The oases of the Western Desert depend on a sole water source for their survival: the Nubian Sandstone Aquifer. However, the aquifer contains fossil water that is finite and one day it will run dry. En route to the White Desert, a small stone building is hoping to have a big impact and change the course before it’s too late.
The Water Education Center of El Heiz Oasis was established to convey knowledge about water, and to promote water conservation.
The threat of global draught, conflict among Nile Basin countries over their shared river, pollution—from factories that dump their waste water into the Nile to the sewage system—and a fast-growing population are all threats to Egypt’s water supply. Yet, the country’s people continue to remain unaware or ignore such an immense problem.
Located 40 km south of Bahariya Oasis and 400 km southwest of Cairo, the center was established in 2016 by the Research Institute for a Sustainable Environment (RISE) of the American University in Cairo (AUC), with funding from HSBC. Established in an agricultural village, it is a space designed to educate farmers, engineers, professionals, youth and teachers about effective ways of reducing water consumption and reusing it to produce food. It will serve as a center for water management, education and innovation.
The Water Education Center itself is a model for sustainable building and construction. Designed by architectural students from across Egypt in a sustainable construction competition with active participation from the local population, the building was erected with natural rocks, soil, wood and palm tree materials. The center is energy self-sufficient and entirely powered by solar energy. Grey water is reused for the irrigation of the center’s landscape. In addition, much of the center’s furniture was built with reused objects in order to stimulate ideas on how to create comfortable living environments from materials usually thrown away as “waste”.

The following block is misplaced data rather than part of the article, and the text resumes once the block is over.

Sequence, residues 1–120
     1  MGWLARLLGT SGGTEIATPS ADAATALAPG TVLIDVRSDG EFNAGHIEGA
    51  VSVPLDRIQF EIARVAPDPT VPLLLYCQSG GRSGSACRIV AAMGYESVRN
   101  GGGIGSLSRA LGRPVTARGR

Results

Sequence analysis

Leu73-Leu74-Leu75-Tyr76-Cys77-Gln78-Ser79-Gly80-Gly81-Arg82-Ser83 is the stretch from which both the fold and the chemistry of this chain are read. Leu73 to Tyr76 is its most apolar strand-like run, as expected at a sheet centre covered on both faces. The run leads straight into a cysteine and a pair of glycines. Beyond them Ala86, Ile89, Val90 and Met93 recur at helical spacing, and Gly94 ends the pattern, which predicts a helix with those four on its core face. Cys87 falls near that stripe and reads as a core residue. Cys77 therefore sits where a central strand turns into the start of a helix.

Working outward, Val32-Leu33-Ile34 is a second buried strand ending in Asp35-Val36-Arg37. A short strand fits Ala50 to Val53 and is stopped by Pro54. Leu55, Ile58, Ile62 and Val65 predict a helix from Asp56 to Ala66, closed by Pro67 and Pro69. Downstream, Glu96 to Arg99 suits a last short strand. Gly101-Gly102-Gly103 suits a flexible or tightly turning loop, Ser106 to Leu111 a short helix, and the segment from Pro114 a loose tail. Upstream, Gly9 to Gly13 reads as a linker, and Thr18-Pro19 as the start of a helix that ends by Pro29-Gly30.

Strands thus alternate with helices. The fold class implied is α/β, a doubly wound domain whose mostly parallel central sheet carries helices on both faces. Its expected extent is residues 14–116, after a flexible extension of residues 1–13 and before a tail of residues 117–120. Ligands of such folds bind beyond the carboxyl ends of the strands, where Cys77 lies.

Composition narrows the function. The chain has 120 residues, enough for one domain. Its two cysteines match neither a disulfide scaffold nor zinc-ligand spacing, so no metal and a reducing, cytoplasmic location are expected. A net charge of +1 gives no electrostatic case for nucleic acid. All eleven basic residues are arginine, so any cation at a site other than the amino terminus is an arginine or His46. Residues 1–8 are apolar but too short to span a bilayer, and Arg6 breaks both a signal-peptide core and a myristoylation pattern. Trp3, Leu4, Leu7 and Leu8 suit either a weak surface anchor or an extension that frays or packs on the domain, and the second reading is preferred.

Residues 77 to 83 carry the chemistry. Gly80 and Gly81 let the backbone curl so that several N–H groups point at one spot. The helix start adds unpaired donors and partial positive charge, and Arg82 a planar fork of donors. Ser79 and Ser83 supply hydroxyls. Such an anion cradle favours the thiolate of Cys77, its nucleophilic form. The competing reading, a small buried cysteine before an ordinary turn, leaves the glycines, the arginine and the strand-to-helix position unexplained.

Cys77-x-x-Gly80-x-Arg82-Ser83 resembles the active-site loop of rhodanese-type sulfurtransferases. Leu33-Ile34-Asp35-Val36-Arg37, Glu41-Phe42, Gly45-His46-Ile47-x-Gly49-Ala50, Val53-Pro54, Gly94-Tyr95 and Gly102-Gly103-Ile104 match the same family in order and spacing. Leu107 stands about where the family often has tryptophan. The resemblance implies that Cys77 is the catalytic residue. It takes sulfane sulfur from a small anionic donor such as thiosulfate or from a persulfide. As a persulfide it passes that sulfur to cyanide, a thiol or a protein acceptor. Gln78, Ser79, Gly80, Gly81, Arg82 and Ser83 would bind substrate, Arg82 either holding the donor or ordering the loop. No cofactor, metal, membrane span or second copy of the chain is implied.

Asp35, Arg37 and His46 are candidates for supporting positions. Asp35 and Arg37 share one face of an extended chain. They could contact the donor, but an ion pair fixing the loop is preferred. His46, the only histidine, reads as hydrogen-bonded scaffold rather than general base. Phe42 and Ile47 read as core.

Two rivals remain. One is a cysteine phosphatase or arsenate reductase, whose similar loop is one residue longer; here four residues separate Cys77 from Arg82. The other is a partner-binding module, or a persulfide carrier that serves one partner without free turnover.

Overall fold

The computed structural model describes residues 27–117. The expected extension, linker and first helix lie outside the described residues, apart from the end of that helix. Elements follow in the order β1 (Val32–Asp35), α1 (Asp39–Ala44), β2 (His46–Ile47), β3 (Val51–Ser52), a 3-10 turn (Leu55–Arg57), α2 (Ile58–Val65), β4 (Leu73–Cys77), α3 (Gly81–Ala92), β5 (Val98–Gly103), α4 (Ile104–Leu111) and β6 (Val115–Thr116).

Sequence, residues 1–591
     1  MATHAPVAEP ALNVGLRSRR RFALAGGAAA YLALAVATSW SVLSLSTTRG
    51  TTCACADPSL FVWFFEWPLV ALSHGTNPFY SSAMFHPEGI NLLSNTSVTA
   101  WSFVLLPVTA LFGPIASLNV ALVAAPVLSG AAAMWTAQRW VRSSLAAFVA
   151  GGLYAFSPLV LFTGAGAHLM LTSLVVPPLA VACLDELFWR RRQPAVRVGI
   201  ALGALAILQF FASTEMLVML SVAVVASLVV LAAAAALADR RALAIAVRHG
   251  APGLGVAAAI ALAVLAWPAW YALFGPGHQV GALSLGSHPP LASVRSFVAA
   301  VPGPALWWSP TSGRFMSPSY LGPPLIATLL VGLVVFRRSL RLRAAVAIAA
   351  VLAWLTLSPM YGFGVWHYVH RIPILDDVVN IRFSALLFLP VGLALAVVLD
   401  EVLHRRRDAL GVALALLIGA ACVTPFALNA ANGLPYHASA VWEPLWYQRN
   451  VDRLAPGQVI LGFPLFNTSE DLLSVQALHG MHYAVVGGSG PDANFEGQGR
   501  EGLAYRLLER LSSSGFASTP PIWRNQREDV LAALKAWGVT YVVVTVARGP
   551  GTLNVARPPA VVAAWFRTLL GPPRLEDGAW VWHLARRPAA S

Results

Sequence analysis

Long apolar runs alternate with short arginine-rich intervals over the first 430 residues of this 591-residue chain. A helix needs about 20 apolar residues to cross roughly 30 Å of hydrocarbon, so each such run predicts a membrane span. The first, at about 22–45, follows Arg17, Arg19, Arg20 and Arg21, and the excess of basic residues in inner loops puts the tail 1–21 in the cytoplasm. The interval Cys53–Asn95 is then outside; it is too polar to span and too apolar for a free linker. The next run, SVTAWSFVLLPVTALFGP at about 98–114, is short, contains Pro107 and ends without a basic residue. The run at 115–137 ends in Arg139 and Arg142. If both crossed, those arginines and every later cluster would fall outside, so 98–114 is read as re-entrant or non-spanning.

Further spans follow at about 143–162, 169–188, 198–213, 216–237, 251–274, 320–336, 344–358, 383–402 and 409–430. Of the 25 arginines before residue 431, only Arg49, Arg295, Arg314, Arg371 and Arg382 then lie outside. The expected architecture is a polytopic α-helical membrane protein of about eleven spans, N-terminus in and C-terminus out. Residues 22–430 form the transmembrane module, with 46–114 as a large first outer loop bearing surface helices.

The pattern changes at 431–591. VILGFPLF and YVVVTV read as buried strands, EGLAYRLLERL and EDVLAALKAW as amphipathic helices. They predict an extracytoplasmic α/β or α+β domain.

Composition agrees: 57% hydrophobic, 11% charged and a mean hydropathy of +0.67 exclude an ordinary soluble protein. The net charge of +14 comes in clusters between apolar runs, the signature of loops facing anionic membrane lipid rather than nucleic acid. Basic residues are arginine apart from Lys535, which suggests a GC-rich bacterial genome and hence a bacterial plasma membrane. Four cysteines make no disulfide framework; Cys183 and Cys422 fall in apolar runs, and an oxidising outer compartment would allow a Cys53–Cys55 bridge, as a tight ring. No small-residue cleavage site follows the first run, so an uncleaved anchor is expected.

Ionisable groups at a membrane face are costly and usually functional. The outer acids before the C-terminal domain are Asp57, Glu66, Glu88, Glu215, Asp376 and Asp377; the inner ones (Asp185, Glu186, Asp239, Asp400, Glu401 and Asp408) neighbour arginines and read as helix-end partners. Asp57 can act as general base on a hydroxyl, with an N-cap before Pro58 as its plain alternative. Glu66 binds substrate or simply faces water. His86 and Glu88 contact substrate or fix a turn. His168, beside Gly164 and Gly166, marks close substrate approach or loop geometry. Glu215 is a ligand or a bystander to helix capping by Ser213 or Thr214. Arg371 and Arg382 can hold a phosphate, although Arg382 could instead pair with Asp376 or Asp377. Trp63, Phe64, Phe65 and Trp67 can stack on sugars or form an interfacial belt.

It contains a classroom as well as a Desert Water Exhibition. Two exhibition rooms present information about water in its natural environments, water issues in Egypt, water and Egypt’s natural history, water and its meaning in desert history, as well as displays about the cultural history of El Heiz, water management in farming and irrigation, renewable energy and sustainable living.
Training workshops and other classes are held, free of cost, for anyone who wants to join. A wide range of information and interactive displays highlight water usage, resources, integrated solutions and modern technology.
One workshop discussed desert ecosystems, the importance of water in these systems, and the ways each and every one of us can help protect our ecosystem. A water-themed sand art workshop left participants with a collection of differently colored sand from across the Western Desert for his natural paintings.
The center also hosts language classes and short practical training sessions for local residents, led by expert volunteers from RISE and its partners.
Following a community based approach, the center is managed and owned by the community of El Heiz. Profits generated from ticket sales and events are spent on expanding the facility and funding small sustainability and water conservation projects in the oasis.
Support the center by volunteering, visiting and contributing to its cause.
Photo Credit: Cold mineral spring Bir Wahed on the desert outskirts of Siwa Oasis. By Enas El Masry